Media Anthropology represents a convergence of issues and interests on anthropological approaches to the study of media. The purpose of this reader is to promote the identity of the field of study; identify its major concepts, methods, and bibliography; comment on the state of the art; and provide examples of current research. Based on original articles by leading scholars from several countries and academic disciplines, Media Anthropology provides essays introducing the issues, reviewing the field, forging new conceptual syntheses.

Media Anthropology: An Introduction

Media anthropology: An introduction
FayeGinsburg

In 1993, in a comprehensive review essay, Debra Spitulnik invoked the insights of Stuart Hall1 and other sociologically grounded media scholars to call for more engagement by anthropologists with “mass media as vehicles of culture, as modes of imagining and imaging communities” (Spitulnik, 1993, p. 295). Years later, a fertile domain of study—the anthropology of media—has emerged, along with a general reconceptualization of anthropology that addresses our changing relationship with informants as our cultural worlds grow ever closer (Marcus, 1996). The social domains we need to track to understand contemporary lives increasingly are shaped by processes of late capitalism, requiring multisited research strategies (Gupta & Ferguson, 1997; Hannerz, 1996). Anthropologists studying media—from their political economy to their presence ...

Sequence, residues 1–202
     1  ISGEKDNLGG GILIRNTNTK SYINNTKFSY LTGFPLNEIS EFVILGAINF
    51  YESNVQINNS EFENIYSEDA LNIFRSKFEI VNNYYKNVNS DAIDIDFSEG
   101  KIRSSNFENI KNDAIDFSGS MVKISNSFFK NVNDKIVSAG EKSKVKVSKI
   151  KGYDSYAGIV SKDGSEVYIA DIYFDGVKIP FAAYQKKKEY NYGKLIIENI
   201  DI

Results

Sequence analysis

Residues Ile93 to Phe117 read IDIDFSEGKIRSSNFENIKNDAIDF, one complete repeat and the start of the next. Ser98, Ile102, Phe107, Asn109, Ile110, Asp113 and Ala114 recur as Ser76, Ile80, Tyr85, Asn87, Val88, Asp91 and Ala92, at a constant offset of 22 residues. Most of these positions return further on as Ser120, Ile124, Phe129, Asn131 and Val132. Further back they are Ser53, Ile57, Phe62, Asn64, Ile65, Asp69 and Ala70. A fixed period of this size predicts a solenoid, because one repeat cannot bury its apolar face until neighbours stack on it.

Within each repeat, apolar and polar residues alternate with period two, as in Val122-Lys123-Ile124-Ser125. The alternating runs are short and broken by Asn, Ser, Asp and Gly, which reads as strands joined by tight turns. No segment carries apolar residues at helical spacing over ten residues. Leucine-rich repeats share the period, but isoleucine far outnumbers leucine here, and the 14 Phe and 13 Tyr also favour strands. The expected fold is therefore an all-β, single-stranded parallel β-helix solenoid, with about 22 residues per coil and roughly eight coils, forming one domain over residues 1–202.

• Loading...
locked icon

Sign in to access this content

Get a 30 day FREE TRIAL

  • Watch videos from a variety of sources bringing classroom topics to life
  • Read modern, diverse business cases
  • Explore hundreds of books and reference titles